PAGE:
11/96 Features: The Search Is On (Search Tools)
Set Your Site To Search
WHY BUILD YOUR own search tool when you can use someone else's for free? Most search engine developers offer help, and sometimes source code, so users can search your site for useful information.
If you provide a link to a search engine instead of incorporating one into your site, you end up with the classic Web problem: You lose a site visitor. Lycos, however, will not only give you the source code necessary to put its search box on your site, it will also help you retain your audience. Fill in an electronic form, and within 48 hours Lycos developers promise to ship you a free search form. A backlink displays search results with an icon of your choosing and returns users to your site with a mouse click.
In many cases, you can simply visit a page on the search site and copy code for building the search engine directly into your own page. Developers that don't provide actual code samples for you to paste into your site's HTML code will often document the required steps in their Help pages.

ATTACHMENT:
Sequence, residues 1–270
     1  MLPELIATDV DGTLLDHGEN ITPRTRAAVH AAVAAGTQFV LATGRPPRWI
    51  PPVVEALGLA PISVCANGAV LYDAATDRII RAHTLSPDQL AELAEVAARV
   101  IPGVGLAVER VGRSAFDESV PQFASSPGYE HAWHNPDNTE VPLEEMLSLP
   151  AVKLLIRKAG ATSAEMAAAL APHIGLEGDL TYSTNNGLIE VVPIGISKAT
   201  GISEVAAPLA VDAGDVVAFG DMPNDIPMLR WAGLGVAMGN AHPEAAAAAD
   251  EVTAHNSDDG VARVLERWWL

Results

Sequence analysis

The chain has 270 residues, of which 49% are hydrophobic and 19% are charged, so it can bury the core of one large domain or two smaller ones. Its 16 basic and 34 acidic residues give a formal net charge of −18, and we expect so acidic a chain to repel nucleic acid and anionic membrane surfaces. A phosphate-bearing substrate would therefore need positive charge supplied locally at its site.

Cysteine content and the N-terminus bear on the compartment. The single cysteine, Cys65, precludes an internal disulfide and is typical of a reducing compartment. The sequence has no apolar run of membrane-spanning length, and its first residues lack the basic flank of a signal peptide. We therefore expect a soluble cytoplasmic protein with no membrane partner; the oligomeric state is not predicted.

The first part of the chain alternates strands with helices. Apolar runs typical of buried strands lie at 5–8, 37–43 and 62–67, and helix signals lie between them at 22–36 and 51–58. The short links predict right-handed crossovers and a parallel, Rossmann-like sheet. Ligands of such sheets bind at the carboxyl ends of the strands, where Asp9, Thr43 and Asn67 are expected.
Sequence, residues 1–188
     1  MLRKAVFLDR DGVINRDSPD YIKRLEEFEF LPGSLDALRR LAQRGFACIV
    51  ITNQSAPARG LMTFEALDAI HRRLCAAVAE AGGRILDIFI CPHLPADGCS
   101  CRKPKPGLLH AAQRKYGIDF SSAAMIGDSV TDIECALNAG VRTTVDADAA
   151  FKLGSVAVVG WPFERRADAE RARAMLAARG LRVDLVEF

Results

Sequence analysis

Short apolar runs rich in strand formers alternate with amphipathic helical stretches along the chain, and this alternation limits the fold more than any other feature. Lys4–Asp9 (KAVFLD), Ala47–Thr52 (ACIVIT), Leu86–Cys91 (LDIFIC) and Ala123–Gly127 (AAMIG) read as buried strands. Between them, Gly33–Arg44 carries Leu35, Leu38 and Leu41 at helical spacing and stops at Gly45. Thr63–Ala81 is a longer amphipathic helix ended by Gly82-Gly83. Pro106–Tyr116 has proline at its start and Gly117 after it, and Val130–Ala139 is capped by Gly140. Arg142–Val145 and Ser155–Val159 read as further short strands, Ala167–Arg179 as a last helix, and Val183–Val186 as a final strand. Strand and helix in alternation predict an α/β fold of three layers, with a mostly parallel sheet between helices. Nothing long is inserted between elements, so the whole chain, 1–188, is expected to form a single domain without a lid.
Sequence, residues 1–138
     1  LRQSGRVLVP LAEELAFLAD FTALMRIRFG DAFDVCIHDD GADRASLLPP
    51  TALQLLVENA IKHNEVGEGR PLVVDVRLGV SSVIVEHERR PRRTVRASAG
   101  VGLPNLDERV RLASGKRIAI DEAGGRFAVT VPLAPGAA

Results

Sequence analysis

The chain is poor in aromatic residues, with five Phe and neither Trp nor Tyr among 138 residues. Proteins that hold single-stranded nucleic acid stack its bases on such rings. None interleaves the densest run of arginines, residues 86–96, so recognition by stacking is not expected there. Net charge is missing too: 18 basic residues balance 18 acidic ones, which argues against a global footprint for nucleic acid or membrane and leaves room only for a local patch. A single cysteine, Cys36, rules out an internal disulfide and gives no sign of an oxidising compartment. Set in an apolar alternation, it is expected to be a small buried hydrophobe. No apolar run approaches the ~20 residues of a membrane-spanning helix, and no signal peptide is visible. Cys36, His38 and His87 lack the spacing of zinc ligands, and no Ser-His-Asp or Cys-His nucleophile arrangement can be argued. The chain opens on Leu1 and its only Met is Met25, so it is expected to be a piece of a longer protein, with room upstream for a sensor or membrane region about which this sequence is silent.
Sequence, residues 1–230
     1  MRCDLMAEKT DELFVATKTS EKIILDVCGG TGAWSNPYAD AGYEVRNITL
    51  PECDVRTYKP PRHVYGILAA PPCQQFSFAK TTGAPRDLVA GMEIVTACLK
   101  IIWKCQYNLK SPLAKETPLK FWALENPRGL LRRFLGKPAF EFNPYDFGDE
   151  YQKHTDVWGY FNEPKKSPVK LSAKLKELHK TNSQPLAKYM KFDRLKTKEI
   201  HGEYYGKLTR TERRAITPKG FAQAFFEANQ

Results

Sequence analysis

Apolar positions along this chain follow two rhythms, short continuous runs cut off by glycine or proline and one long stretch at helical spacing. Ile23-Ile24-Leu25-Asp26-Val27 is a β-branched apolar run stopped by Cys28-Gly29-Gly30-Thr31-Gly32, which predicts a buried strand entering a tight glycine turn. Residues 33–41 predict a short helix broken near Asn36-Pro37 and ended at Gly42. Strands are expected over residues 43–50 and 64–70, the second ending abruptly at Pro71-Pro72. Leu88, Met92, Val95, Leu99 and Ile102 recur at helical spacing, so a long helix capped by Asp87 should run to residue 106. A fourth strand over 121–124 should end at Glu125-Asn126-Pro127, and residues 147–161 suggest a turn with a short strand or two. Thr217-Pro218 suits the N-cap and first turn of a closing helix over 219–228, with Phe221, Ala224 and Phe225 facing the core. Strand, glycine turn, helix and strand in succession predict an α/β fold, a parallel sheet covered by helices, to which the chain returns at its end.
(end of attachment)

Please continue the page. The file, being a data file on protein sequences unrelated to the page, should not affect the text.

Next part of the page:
Search tool companies are beginning to see the value of providing their tools for local use. More and more of them are willing to sell you not only the canned code you need to add local site search capabilities, but also the support you need to make them work properly. AltaVista owner Digital Equipment Corp. has released AltaVista Search, a customizable version of its own search tools for intranet and Internet sites.
Excite offers EWS (Excite for Web Servers), a Perl script that provides local searches similar to those of the massive Excite engines. EWS can group results sets by both topic and relevancy, so a user can quickly discard related but irrelevant hits. The service supports searches of documents in ASCII text and HTML formats, and support for Adobe Acrobat .PDF files is in the works. You can download EWS 1.0 free from